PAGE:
HF Mystery Signals / Re: Mystery signal question
« on: September 19, 2013, 0958 UTC »
Fascinating, Rockpicker.  I'm also surprised that nobody really seems to know what causes these anomalies.

Anyway, I might have another clue to offer, one observed just minutes ago.  I spotted what appears to be the same signal phenomenon, only this time in the middle of HF band.  The only difference: the signal was not sweeping down or up in frequency.  It was completely stationary.  Furthermore, there were at least twenty iterations of it, evenly spaced across 2.6 MHz of spectrum.  Some screen captures (they go from high zoom to a wide view, and in the final image, you can see the signal's numerous iterations spanning approximately 5575 to 8200 kHz):


And to my ears, it does sound like the same phenomenon as on 27-28 MHz.  It may not be immediately apparent (because of it not sweeping through the receiver's IF), but to me, it has the same warbly/fluttery sonic signature.  Recording (two instances back-to-back): http://s000.tinyupload.com/index.php?file_id=07301278353252032862

Incidentally, I went up to 27 MHz upon noticing this, and sure enough, the phenomenon was happening there simultaneously (only there, in the same sweeping form I described earlier):


Sure would be nice to figure out what this thing is!

HF Mystery Signals / Mystery signal question
« on: September 12, 2013, 1434 UTC »
Can anyone identify the attached mystery signal?

I've personally observed it only in the 11 meter citizen's band, though that doesn't mean I'm saying it never happens elsewhere.  I often see it between 27.0 - 27.3 MHz, and only when skip/propagation is in.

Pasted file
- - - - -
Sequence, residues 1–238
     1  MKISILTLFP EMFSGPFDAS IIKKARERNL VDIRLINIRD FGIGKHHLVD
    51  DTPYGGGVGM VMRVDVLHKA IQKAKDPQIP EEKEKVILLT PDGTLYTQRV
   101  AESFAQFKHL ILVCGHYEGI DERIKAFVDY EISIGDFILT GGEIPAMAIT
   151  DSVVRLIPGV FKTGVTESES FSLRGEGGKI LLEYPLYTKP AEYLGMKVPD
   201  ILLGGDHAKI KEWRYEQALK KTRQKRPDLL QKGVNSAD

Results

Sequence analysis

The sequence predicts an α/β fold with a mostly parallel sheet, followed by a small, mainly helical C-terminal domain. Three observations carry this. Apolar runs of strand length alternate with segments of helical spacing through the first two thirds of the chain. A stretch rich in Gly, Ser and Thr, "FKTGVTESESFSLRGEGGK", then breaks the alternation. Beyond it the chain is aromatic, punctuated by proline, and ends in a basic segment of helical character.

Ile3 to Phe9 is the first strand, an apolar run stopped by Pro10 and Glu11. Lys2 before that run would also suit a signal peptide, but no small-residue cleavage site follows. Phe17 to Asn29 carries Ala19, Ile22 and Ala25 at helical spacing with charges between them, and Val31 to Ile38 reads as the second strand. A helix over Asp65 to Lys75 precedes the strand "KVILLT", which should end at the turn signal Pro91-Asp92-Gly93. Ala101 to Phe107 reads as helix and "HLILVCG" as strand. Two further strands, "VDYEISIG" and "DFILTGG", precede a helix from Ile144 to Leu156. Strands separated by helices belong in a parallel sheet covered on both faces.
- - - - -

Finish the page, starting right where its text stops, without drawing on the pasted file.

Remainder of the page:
It has been happening for decades (earliest memory: late 1980s).

It can be received with tuners in both Europe and North America (and possibly other locations).

I first assumed it was an ionosonde, but now have doubts because:

1) Instead of a sinewave (like an ionosonde), it consists of a "warbly" up-down-up-down sweep tone.

2) That warbling tone itself descends in frequency (rather than ascending, as normal chipsounders do).

3) And it only descends 40-50 kHz.  I.e., it begins instantly (no fade-in), descends 40-50 kHz, then stops instantly (no fade out).

Here are several audio samples of it, edited together.  Note that I used Twente's WebSDR in DSB reception mode.  That allows it to be heard as it sounds when crossing through AM carriers.


Finally, I should note that there appear to be two variations of this mystery signal:

Variation 1:  Same as pictured above.  While observing it yesterday, it always lasted 4 seconds, and then reoccured every 13 seconds.  With this variation, the rate of frequency descent slows just before the signal vanishes (i.e., you see a diagonal line slowly curve into a vertical line).  Sometimes, the signal even reverses direction (goes back up in frequency) just before vanishing.

Variation 2:  This variation always lasts about 15 seconds (i.e., it descends in frequency much more slowly).  Unlike the first variation, its rate of descent does not slow before the signal vanishes, nor does it reverse direction and go back up.  Therefore it always appears as a diagonal line on waterfalls.  This variation also has a longer duration between occurences (30 to 60 seconds, guessing).  Nonetheless, it sounds audible exactly the same as the first variation when it passes through your receiver's IF (same warbling sweep effect).

Any ideas?